Egypt’s Popular Current, a political front formed by several Nasserite and leftist parties, said that “canceling the Menya event by government officials is a surrender of the state’s authority in the face of a pro-government current,” referring to the protesting Islamists. “The security’s surrender in the face of such a threat will give this current a green light to use violence in similar incidents.”

The Arab Network for Human Rights Information, ANHRI, published a statement calling on “civil society organizations and political powers to adopt a clear position from this fact [Menya’s incident] and its similarities, in particular, as the recent period has witnessed a semi-organized campaign against the civil pattern of the state and threatens to suppress the basic rights and freedoms of the citizens.”

Tamer Mowafi, head of research at the Cairo-based ANHRI, told Al-Monitor that “Egypt is actually facing what is worse than the acts of violence witnessed in the 1990s.”

“Back in the 90s, Islamists were in full dispute with the government and accordingly adopted violence against it,” said the human rights researcher. “Now they feel empowered by the Islamist president and government that so far has done little to curb their violations.”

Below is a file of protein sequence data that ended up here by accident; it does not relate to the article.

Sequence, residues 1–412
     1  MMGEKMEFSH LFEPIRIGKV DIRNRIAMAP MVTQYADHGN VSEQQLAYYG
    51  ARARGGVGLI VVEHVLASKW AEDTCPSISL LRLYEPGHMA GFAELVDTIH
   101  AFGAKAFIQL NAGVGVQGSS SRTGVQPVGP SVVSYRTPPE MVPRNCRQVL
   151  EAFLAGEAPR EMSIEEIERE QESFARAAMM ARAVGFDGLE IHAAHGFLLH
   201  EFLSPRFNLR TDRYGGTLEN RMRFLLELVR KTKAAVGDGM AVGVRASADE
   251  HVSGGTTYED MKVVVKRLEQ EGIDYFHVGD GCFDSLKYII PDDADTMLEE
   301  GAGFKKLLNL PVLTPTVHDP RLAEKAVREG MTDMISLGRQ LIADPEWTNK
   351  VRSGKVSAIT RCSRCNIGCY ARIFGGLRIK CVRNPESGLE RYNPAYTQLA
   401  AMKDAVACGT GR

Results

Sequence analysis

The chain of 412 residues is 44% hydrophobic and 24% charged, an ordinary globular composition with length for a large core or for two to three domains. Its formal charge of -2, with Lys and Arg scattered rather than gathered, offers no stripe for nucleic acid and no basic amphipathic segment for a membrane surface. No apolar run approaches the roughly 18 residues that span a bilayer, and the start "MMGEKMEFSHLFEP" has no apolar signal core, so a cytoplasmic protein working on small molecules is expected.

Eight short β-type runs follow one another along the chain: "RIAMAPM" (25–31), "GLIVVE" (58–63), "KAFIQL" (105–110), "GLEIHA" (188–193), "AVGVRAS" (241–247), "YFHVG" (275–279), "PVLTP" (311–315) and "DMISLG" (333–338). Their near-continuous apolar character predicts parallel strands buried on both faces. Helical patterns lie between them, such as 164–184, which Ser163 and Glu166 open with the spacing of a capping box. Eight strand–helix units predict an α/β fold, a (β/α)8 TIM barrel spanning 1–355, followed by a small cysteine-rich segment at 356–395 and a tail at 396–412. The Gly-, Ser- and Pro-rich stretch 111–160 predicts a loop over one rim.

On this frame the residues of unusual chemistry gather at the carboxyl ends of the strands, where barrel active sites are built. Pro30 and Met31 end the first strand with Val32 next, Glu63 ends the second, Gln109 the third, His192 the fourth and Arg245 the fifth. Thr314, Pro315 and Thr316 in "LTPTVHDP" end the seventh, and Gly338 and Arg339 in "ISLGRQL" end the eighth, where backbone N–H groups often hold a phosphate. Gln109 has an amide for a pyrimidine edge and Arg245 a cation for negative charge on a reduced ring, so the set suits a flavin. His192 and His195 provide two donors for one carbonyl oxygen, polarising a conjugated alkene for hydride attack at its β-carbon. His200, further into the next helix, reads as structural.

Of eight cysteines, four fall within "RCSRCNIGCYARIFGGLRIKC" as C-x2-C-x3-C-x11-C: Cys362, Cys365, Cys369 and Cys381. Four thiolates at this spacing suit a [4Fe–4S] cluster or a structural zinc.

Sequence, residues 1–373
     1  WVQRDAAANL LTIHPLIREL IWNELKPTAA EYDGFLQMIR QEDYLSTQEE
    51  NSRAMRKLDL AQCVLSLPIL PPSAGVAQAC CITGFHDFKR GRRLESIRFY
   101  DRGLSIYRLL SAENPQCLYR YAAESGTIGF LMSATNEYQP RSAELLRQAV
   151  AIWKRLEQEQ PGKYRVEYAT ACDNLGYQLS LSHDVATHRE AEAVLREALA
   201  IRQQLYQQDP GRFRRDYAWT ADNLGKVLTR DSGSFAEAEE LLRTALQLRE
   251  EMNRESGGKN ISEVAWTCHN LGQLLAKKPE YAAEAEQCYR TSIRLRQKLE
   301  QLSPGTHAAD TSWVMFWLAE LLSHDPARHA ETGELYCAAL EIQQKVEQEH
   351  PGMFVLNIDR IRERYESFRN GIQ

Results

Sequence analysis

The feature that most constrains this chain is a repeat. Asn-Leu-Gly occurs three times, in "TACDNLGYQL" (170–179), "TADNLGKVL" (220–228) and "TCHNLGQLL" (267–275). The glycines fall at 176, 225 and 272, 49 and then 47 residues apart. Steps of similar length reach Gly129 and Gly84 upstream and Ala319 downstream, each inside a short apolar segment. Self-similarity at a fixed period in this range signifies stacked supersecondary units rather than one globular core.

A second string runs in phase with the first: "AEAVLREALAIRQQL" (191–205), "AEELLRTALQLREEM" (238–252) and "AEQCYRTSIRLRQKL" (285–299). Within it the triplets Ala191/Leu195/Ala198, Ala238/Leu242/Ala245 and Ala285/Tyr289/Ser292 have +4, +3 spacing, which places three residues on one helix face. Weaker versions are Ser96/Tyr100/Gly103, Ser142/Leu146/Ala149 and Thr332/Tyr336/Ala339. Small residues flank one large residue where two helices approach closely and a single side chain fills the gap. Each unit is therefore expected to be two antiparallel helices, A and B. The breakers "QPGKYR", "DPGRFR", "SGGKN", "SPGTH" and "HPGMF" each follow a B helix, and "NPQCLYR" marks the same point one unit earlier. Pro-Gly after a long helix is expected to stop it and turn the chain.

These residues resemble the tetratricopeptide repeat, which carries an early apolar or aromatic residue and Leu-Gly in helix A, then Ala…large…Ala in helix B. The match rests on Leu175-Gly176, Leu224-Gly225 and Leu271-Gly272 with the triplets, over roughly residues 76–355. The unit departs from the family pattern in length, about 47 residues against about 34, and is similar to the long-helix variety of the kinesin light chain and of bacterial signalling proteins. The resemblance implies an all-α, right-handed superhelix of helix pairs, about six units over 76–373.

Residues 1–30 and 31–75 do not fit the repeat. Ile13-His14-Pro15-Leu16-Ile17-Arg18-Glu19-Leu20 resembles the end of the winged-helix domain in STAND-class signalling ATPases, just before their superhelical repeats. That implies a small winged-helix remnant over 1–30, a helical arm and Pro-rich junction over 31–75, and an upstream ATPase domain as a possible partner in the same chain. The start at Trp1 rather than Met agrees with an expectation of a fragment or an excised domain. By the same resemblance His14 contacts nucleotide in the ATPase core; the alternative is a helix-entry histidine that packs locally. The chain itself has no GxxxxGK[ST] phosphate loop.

“We are walking down the same path as Tunisia, on both the government level and the level of Salafist Islamists committing the violations. I believe that similar beginnings lead to similar results,” explained Mowafi, who compared what Egypt is witnessing with what Tunisia underwent a few months ago.

The problem, according to Mowafi, is the government’s attitude in approaching such issues. It could be weak and empowering of such acts, which will encourage more frequent and bloodier events and, eventually, violent confrontation will take place between the government and Islamists.

“Given the geography, history and size, Egypt is poised for a worse situation than Tunisia if the government doesn’t take immediate action,” said Mowafi.

Mohannad Sabry is an Egyptian journalist based in Cairo. He has written for McClatchy newspapers and The Washington Times, and served as managing editor of Global Post's reporting fellowship, "Covering the Revolution," in Cairo, as well as a contributor to its special reports, "Tahrir Square" and "Egypt: the military, the people." Sabry has also worked as a field producer for several TV news shows, including PBS NewsHour and Frontline. Born in Saudi Arabia and raised around the world, he returned to Cairo in 2001 and has been covering Egypt since 2005. @mmsabry